template2 in our GitHub repo.
First, we should ensure we’re using Cordova 6:
$ cordova --version
6.0.0 or higher.
Now let’s make a new app using the template, and giving our new app a different name and ID:
$ cordova create mydemoapp com.moduscreate.mydemoapp mydemoapp --template https://github.com/ModusCreateOrg/cordova6templates#template2
This tells Cordova to create a new app “mydemoapp” in a folder of the same name, and use our repo’s
template2 branch as the start point. The
--template is the new Cordova 6 feature that we are taking advantage of here.
When we execute the above command we can expect to see the Cordova CLI create a new app and check out our template from GitHub:
Creating a new cordova project. Retrieving https://github.com/ModusCreateOrg/cordova6templates#template2 from GitHub... Repository "https://github.com/ModusCreateOrg/cordova6templates" checked out to git ref "template2".
www folder, and its
config.xml file will have all the platform and plugin dependencies listed in
config.xml from the template, but the app name and ID will be those of the new app we just created.
To get our new app up and running, we need to download the correct platform and plugin dependencies. As they are listed in
config.xml, this is simply a case of running:
$ cd mydemoapp $ cordova prepare
Cordova then realizes that the required platforms and plugins aren’t present in our app yet and downloads them for us:
$ cordova prepare Restoring platform [email protected]~4.0.1 referenced on config.xml Adding ios project… iOS project created with [email protected] Discovered plugin "cordova-plugin-whitelist" in config.xml. Installing to the project Fetching plugin "[email protected]" via npm Installing "cordova-plugin-whitelist" for ios Discovered plugin "cordova-plugin-device-orientation" in config.xml. Installing to the project Fetching plugin "[email protected]~1.0.2" via npm Installing "cordova-plugin-device-orientation" for ios Discovered plugin "cordova-plugin-statusbar" in config.xml. Installing to the project Fetching plugin "[email protected]~2.1.0" via npm Installing "cordova-plugin-statusbar" for ios Restoring platform [email protected]~5.1.0 referenced on config.xml Adding android project… Creating Cordova project for the Android platform: Path: platforms/android Package: com.moduscreate.mydemoapp Name: mydemoapp Activity: MainActivity Android target: android-23 Android project created with [email protected] Installing "cordova-plugin-device-orientation" for android Installing "cordova-plugin-statusbar" for android Installing "cordova-plugin-whitelist" for android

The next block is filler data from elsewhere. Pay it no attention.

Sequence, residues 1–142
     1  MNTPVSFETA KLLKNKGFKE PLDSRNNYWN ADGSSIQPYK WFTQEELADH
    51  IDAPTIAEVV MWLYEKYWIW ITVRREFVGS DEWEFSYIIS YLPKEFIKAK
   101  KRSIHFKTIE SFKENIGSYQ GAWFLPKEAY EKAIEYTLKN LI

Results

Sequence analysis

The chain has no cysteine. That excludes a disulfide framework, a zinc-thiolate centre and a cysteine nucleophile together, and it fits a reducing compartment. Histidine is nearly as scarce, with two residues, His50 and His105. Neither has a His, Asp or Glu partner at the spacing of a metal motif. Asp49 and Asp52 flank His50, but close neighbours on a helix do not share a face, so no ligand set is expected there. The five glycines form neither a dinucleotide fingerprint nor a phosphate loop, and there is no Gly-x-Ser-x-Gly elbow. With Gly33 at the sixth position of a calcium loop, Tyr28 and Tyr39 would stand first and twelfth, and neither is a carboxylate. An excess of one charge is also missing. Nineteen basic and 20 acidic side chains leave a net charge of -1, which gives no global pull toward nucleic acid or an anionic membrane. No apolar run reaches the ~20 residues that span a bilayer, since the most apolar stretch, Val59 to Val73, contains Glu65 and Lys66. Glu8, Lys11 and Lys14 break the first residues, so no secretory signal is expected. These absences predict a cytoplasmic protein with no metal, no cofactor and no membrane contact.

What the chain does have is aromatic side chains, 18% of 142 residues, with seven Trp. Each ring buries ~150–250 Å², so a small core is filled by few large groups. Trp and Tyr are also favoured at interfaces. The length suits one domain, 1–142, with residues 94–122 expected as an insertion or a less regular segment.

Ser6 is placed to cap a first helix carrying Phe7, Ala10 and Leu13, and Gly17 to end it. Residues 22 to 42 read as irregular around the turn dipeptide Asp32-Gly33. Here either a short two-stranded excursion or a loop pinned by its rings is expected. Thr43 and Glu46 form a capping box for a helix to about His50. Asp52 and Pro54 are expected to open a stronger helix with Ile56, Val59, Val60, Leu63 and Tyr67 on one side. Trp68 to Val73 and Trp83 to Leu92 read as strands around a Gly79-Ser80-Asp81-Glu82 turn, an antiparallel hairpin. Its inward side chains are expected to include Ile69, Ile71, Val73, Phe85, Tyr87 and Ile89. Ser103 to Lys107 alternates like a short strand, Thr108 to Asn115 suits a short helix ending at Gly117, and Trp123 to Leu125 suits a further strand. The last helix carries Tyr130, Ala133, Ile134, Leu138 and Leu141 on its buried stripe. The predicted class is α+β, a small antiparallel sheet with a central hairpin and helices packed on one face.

We can now go ahead and build the app, and work on adding features to it as normal.
The ability to manage template Cordova apps using git and/or npm is a welcome addition in Cordova 6 and allows an easier workflow for organizations that build lots of apps using a common base. It should also make Cordova training classes easier to organize and manage. Do you have plans to use this new feature? Let me know in the comments.